OMPC parser/syntax adaptor

OMPC is not a full compiler stack. OMPC takes the advantage of similarity of MATLAB's m-files syntax and the syntax of many other dynamic languages. Python as one of them happensto havea stable numerical library that allows very similar
In recent years there was u number of projects that try to put the same interpreter or engine behing multiple. So rather than a full reimplementation we choose to compile m-files into Python bytecode. Doing this directly wouldn't give us any advantage and we would still deal with all the troubles analyzing source code.
Therefore we translate (adapt) m-files to syntax that is acceptable by the Python interpreter. So after running our OMPC compiler

a = 1;
for i = 1:10,
    a = a + 1;
end
a

becomes

a = 1;
for i = _mslice[1:10]
    a = a + 1;
end
print a

and the Python compiler takes care of everything else. _mslice is an object that returns
The proper way of useing _mslice is as a function _mslice(start,stop,step) which is how the Python's slice function works. The function _mslice() differs from the Pythons version in the fact that assumes the first index is 1 and the last one is included.

To make things easier the 'end' keyword has to be defined with a special value because of it's multiple functions:
  • stated on it's own it closes one local scope, any value for object is acceptable here
  • stated in a slice a(1:end) would resolve in Python equivalent a(_mslice(1,None))
  • stated in a slice as a(1:end-1) would resolve in
The resolution is that we use end = 0 and _mslice will interpret 0 in the stop position is the last item (included of course) returning the Python slice(1,None).

The advantages are obvious after running very simple test and measuring their times. Simple loops are faster in Python than in MATLAB. The Python standard Library allows us to look at the result of compilation, the bytecode, and analyze it. There are attempt to optimize code that can be written in pure Python or other written in C, like Psyco.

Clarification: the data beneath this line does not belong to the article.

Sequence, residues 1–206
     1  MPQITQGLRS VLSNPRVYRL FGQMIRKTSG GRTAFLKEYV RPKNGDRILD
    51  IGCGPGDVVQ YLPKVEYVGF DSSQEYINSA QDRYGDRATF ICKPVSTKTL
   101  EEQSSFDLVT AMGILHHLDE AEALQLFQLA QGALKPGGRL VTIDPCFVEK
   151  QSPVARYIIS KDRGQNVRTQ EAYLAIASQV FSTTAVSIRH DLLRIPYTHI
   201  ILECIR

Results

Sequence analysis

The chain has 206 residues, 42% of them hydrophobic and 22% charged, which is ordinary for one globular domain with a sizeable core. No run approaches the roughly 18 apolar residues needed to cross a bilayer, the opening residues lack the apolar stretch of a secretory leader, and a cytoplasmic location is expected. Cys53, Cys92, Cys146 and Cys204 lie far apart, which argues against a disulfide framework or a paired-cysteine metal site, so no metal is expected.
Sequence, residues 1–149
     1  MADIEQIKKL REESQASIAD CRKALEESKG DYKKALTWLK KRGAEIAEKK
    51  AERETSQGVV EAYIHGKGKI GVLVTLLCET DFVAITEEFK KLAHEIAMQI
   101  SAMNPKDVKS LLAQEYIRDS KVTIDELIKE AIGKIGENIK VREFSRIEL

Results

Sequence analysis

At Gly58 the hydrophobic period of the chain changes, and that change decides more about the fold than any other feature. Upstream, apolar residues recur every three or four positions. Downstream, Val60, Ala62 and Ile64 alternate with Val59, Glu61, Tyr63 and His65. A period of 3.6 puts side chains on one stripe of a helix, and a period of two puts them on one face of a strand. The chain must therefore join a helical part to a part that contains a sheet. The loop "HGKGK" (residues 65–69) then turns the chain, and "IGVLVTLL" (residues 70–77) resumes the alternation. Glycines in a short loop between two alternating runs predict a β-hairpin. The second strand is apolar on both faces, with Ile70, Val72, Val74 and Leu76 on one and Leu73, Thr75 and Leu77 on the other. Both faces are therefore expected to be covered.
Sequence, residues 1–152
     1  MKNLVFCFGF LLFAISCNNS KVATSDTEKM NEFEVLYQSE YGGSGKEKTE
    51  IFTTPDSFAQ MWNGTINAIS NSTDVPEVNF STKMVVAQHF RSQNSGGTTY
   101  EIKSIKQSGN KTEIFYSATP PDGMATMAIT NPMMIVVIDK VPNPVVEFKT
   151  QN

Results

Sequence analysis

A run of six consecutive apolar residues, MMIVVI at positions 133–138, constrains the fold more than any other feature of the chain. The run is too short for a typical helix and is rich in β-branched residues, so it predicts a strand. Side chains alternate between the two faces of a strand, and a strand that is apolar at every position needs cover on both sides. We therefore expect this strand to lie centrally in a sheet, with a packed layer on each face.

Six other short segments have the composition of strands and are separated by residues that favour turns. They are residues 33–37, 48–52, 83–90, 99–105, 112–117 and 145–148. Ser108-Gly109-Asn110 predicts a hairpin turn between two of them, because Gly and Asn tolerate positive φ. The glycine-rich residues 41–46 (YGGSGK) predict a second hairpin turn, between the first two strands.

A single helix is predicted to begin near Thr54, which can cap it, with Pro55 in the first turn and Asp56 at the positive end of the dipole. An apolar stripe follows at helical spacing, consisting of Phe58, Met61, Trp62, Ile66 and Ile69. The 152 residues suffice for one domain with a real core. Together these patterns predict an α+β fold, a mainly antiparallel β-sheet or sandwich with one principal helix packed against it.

Parsing/Translation rules


It is very common to use some kind of parser/lexer library that after a grammar is specified generates a full parser in a chosen programming language. OMPC takes a shortcut and the aim is to let the Python parser to take care of interpreting the language. OMPC's role is only to make a number of adjustments to make m-file complaint with the syntactical rules of Python. MATLAB however has luckily a very simple syntax.

Statements end either with and endline '\r\n', '\r' or '\n' character or the semicolon character ';'. Each of such statements are supposed to be syntactically correct.
There is one exception in vertical stacking, we can specify elements enclosed in [] and {} without using continuations.


Keywords


The following keywords are assumed:

"break", "case", "catch", "continue", "else", "elseif", "end", "for", "function", "global", "if", "otherwise", "persistent", "return", "switch", "try", "while"

Most of them are compatible with Python the exceptions are:

"case" -> special treatment,
"catch" -> except,
"elseif" -> elif,
"end" -> can be left in place if it is defined as None,
"function" -> def,
"otherwise" -> else for switch statement,
"persistent" -> equivalent of static variable, _mfunction decorator should take care of such variables,
"switch"

M-functions


An example M-function look like this

function [ou1,out2] =

All functions are

for nargout('fun') function

Anonymous functions '@' and lambda


Python 'lambda' has a very similar functionality to MALTAB's '@' symbol. There are however subtle differences in treatment of local variables variables. Python uses references

Python and numpy (no OMPC)
MATLAB
>>> a = zeros([1,5]);
>>> b = lambda x: a+x;
>>> b(2)

array([[ 2.,  2.,  2.,  2.,  2.]])

>>> a[:] = ones([1,5]);
>>> a

array([[ 1.,  1.,  1.,  1.,  1.]])

>>> b(2)

array([[ 3.,  3.,  3.,  3.,  3.]])
>> a = zeros(1,5);
>> b = @(x) a+x;
>> b(2)
ans =
     2     2     2     2     2

>> a(:) = ones(1,5);
>> a
a =
     1     1     1     1     1

>> b(2)
ans =
     2     2     2     2     2



The possible solution is to implement 'anonymous' function that takes MATLAB's '@' and returns a regular python function with local variables that are copies of the parameter values.

Strings


All strings have to compiled using the raw operator

'\1' ---> r'\1'

especially in the case above, common in regular expressions, Python interprets '\1' as '\x01'


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